A swollen, stiff knee might immediately lead you to suspect you have osteoarthritis (OA), but the culprit could also be gout. Like many close relatives, the two conditions share common features. And because they often occur together, you might wonder which one is causing your symptoms.
“It’s definitely possible for people to have both conditions at the same time. They’re the two most common types of arthritis,” says Svetlana Krasnokutsky, MD, assistant professor of medicine in the Division of Rheumatology at NYU Langone Health. “They can affect the same joints.”
OA is a degenerative disease that gradually breaks down the cartilage that cushions bones. It causes pain, swelling, and stiffness in joints like the knees, hips, fingers, lower back, and neck. In gout, uric acid crystals build up in the joints. Gout often affects the big toe joint, but the ankles, knees, hands, and wrists can also be involved.
Knowing which condition you have—or whether you’ve got both gout and osteoarthritis —can help your doctor fine-tune your treatment.
Which Comes First?
Doctors know that gout and OA often coexist. What researchers have been trying to figure out is which one comes first, and whether one condition might trigger the other.
A 2007 study published in Annals of the Rheumatic Diseases found that people with uric acid deposits in their joints—especially in joints of the big toe, middle of the foot, knee, and finger—are more likely to have OA in those same joints. Those with gout are also at greater risk for severe OA. Researchers say uric acid crystals might activate an inflammatory response that triggers OA joint damage.
On the flip side, people with osteoarthritis are at higher risk for developing gout. One theory is that joint damage from OA creates an environment that encourages uric acid deposits.
“One [condition] could promote the other, and it could go both ways,” Dr. Krasnokutsky says. The same inflammatory processes that damage joints could underlie both OA and gout. And the two conditions share a few common risk factors—including obesity. Extra weight both increases production of uric acid, and puts more strain on joints.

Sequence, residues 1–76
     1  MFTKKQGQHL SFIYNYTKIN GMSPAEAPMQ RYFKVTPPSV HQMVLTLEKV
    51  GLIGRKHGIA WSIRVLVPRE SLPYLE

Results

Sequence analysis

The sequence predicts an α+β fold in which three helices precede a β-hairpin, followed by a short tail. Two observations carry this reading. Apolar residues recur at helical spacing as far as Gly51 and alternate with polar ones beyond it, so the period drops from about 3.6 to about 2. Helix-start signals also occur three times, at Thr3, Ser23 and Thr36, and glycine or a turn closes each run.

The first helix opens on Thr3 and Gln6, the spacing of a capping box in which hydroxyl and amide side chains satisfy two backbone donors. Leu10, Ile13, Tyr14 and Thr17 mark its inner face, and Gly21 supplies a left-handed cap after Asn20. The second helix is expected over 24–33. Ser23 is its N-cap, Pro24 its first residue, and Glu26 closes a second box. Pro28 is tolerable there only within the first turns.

Making the Diagnosis
Although gout and osteoarthritis can affect the same joints—sometimes at the same time—there are ways for your doctor to tell them apart. Gout tends to come on suddenly with attacks of pain, swelling, warmth, and redness in a single joint—often the big toe joint. “OA tends to be more chronic, waxing and waning, but not so abruptly as gout in terms of its onset,” Dr. Krasnokutsky says.
If symptoms alone don’t identify the cause of your joint pain, your doctor can dig deeper with tests. Removing a small amount of fluid from the affected joint can find the uric acid crystals that form in gout. And imaging tests like X-rays and MRI can reveal joint damage typical of OA.
Treating Gout and OA
Some treatments for gout and osteoarthritis overlap. Nonsteroidal anti-inflammatory drugs (NSAIDs) such as ibuprofen (Advil, Morin) and naproxen sodium (Aleve) can help to alleviate symptoms like pain and swelling in both conditions. Gout is primarily treated with medicines that lower uric acid production.
“For gout, we have very good treatments for the underlying cause,” Dr. Krasnokutsky says. “With OA there are many underlying causes…so you’re treating the end result of the OA, which is pain and functional limitation, but you’re not necessarily getting to any root cause.”
Lifestyle is another important component in treating both conditions. For gout, doctors recommend avoiding or limiting high-purine foods and alcohol, because they can increase uric acid levels. “Those are practical, good suggestions for gout patients, and probably for everyone,” Dr. Krasnokusky says. For OA, weight loss can help to reduce pressure on painful joints and therapeutic exercise, such as yoga and tai chi can ease pain and protect range of motion.
AUTHOR: Stephanie Watson